Pick A Future Winner

Theoretically, one benefit of knowing what is going to happen – is being able to prepare for that situation.  There is a better chance of taking advantage of future eventualities if one is prepared for those possibilities: public systems, policies and events can be better utilized for the general good if we can plan today with some foresight of tomorrow.

And it is also true that one might profit from that knowledge.  One of the reasons prognostication seems to focus on technology is that the ability to know and invest in the “next big thing” carries some heavy profit potential.  (And to some extent technology is more discreet and easier to isolate and identify than political or social movements.)

Predicting the winning products of tomorrow  – and the lifestyles those new products enable – has been a continuing effort for centuries.  Sometimes, retrospective views of the future have been collected into books, like The Wonderful Future That Never Was: Flying Cars, Mail Delivery by Parachute, and Other Predictions from the Past (Popular Mechanics) (Hearst, 2010).  This is a recent book edited by Gregory Benford  (and the editors of Popular Mechanics) which holds up past predictions of the future from the 1930’s-40’s-50’s to show, in some cases, how close the prognosticators came.  But mostly to show how much they missed.

It is disappointing to many  to see how much was missed: the flying cars, the free energy, the integrated cities and so forth.  But in some ways, we may have exceeded many of the predictions in the area of communications, and the results  of advanced communications in business, entertainment and personal life.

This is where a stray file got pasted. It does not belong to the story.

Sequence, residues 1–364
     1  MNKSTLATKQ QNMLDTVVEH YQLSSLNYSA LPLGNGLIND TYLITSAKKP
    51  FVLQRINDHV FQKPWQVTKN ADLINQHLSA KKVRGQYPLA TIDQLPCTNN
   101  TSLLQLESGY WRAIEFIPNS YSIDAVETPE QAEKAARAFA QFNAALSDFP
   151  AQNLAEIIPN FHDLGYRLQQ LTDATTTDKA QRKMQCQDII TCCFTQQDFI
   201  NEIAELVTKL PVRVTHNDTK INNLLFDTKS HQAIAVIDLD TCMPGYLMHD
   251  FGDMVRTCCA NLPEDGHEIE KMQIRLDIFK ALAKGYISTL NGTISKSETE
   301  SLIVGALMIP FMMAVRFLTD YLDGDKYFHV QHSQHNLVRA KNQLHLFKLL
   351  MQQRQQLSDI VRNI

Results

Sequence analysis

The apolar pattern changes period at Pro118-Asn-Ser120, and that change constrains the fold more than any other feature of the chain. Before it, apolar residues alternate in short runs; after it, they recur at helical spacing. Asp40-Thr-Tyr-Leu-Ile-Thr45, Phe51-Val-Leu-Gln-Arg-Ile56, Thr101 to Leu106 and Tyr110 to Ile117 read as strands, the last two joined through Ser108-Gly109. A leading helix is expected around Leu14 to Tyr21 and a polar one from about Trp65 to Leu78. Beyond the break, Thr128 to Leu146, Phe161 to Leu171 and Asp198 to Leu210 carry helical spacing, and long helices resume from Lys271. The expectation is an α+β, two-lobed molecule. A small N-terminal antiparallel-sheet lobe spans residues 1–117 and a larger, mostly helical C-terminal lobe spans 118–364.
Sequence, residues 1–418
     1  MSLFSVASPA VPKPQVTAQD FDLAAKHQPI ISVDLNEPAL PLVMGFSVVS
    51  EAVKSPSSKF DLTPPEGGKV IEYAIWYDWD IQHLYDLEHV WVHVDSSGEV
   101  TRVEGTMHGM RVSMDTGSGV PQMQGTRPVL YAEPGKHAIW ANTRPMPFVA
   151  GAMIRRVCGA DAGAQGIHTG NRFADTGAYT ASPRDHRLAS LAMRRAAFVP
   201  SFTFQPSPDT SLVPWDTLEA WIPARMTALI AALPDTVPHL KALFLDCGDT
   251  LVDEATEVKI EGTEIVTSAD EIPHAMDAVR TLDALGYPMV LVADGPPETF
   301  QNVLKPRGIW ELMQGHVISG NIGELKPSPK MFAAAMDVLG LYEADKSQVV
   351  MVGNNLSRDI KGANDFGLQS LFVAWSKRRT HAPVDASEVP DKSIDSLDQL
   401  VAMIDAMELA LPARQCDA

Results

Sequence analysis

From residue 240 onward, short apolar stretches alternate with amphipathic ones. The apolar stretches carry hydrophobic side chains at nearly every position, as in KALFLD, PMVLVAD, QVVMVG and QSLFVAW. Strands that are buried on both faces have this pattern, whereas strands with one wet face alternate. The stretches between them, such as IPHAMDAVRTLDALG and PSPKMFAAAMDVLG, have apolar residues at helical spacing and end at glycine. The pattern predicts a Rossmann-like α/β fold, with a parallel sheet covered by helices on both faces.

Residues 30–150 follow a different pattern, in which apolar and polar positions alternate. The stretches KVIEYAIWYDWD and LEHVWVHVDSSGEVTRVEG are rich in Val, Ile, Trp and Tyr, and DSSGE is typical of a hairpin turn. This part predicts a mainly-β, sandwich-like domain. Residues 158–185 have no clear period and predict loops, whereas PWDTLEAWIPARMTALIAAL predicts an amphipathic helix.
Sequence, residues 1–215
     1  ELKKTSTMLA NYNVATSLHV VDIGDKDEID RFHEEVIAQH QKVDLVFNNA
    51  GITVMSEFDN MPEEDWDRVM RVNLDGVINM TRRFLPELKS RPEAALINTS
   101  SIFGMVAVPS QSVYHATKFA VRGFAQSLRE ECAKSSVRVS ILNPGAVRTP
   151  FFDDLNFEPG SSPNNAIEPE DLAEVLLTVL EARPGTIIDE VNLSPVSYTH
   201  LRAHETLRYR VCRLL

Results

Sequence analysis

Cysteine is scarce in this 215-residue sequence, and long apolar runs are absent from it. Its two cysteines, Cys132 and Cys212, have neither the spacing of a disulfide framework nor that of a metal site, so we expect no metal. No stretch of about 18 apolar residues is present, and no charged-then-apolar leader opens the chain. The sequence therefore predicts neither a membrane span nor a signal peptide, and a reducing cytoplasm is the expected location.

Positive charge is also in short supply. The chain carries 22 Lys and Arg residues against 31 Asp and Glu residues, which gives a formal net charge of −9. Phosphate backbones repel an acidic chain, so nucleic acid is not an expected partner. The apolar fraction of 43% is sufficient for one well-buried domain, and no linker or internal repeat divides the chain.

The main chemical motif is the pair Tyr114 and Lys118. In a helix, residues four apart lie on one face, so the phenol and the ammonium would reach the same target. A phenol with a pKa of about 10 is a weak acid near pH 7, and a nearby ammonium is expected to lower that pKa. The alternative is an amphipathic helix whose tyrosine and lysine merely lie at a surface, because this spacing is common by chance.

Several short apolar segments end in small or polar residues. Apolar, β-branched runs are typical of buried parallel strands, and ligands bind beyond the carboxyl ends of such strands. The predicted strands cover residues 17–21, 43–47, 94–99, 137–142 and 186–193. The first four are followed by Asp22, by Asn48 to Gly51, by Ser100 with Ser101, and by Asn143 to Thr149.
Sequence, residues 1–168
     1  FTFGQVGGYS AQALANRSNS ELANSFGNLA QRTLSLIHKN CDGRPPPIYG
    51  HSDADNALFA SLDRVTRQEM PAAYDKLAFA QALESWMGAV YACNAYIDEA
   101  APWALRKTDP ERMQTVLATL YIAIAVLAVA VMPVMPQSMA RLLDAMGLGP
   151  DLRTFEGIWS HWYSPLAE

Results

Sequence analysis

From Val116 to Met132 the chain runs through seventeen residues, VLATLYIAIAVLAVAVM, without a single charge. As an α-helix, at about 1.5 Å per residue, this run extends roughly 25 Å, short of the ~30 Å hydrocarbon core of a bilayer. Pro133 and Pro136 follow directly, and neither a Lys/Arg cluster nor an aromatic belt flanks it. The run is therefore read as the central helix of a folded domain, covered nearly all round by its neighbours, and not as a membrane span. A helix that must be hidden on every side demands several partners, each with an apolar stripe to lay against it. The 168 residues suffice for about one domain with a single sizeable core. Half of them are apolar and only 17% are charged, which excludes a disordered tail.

Would it have been possible to predict the future of specific inventions – jumping forward from a crude beginning to the more sophisticated object we have today?

A recent article – Mr. Edison’s Kindle – posted in the Technologizer blog, suggested such a possibility.  It posits the idea that one of Thomas Edison’s (lesser) inventions may have suggested the future of electronic publishing – represented by the Amazon Kindle.  And the piece then explored more than a dozen other early inventions of the early 20th century that might have hinted at – or laid the groundwork for – modern technologies we have come to love, like portable music players, wireless phones, podcasts, all-in-one-printers and more.

Ironically, the most improbable connection may be the title example.  Mr. Edison in 1911 proposed printing on thin pages of nickel that could be used and re-used to show content, what the authors claim as a non-electronic version of a personal publication device.  More than a bit of a stretch – but the article was intended to be impressionistic, not representational.  Edison did indeed have some pretty whacky ideas that never materialized in real products – including this one.

But, in spite of the occasional reach, the examples are worth reading about, fun to consider and inspire some thought.  Are you in the presence of a device that might evolve into yet another world-bending paradigm shifter?  (Maybe I will be when my iPad2 arrives?)

With this bit of insight – carrying the past into our present – do we learn something that would enable us to assess current technologies of our present – and project a vision of what they might become in the future?

An interesting project in this regard is a proposal for “A History of the Future in 100 Objects.”  This project is in the process  of gathering funding at KickStarter – an innovative way for individuals to fund independent and creative research and development.